American composer Alvin Lucier has died at the age of 1There is December, 90, at his home in Middletown, Connecticut. His numerous productions, which oscillated between electrophysiological experiments and conceptual proposals, made him one of the leaders in the work that appeared in the descendants of John Cage, such as Robert Ashley (1930-2014), who founded Sonic Arts in 1966. Union.
Alvin Lucier was born on May 14, 1931, in Nashua, New Hampshire. Although he listened to music everyday at home, he was more sensitive to the music of baby birds, whose echoes he preferred to follow in the woods, and to follow jazz rather than classical song. Composers describe his father as a violinist and his mother a pianist and amateur. To his parents’ chagrin, he listens to a drum in which he improves for several hours. Again, spreading sounds in space (the barrier of his room) is more interesting to him than music.
Later, at Yale University, he performed in the Snare section of the parade band and enjoyed the echo of the tracks in the parade opening hall. At the same time, he studied composition and music theory until receiving his diploma in 1954. Alvin Lucier then completed his training under the supervision of Aaron Cobland and Lucas Foss, during the summer at Tanglewood (Massachusetts) Academy in 1958 and 1959 at Brandeis University (near Boston) until 1960. A scholarship later allowed him to stay in Rome for two years, where the European avant-garde invention encouraged him to abandon the neoclassical style he had followed during his studies.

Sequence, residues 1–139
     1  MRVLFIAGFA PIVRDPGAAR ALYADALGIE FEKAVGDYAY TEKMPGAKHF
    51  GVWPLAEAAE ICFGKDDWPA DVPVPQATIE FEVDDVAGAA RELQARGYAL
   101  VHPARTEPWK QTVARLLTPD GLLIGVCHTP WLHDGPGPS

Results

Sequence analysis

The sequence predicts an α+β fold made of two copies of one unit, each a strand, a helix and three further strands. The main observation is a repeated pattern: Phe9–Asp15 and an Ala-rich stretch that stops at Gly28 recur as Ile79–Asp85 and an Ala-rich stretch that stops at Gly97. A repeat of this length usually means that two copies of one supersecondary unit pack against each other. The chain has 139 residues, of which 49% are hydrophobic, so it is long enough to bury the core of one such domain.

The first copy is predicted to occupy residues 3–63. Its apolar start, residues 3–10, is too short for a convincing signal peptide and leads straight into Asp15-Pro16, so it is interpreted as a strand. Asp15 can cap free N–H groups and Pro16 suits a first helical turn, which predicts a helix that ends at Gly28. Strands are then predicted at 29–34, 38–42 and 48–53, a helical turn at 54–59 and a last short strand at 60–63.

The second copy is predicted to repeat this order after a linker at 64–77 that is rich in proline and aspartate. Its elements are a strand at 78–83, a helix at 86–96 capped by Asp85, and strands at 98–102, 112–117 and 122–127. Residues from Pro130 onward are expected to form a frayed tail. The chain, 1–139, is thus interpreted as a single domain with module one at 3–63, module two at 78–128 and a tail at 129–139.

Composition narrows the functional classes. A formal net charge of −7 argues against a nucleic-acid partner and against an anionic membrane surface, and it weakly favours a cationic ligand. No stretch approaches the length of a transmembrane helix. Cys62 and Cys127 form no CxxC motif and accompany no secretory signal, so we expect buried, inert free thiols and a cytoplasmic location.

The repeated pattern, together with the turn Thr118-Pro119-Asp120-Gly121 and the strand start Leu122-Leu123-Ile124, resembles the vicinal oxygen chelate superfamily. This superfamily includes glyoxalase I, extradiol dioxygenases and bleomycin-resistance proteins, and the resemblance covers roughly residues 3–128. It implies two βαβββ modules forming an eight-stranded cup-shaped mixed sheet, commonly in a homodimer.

“Now I’m a composer”
However, the decisive shock for its musical future took place in Venice. Alvin Lucier attends the concert of the famous pianist David Tudor, who at one point took refuge under the instrument, echoed by John Cage (1912-1992). ” Now I am a composer », Starts with a musician known for his provocative poses to the public. Inspired by Alvin Lucier, who formally declared himself a composer, his return to the United States could prove to be a work in progress.
In 1965, with Music for solo, He gains experience worthy of solo singing to use his brain waves (thanks to a specific amplifier invented by Edmund Diwan) to vibrate various percussion instruments. Inspired by the unprecedented study of the field of acoustics, I’m sitting in a room (1969), his “hit”, was based on the repetition of a long speech by two tape recorders until it was completely distorted to allow only specific frequencies for the broadcast area. Taking for granted Vespers By Claudio Monteverdi (with Vespers, 1968) or a Beatles song (Nothing is true [Strawberry Fields Forever] In 1990), Alvin Lucier wanted to create echoes, which he underlined in an interview given in 2019, “Personal control should not be exercised In sounds, according to him, there can be no reality other than the acoustic phenomenon.
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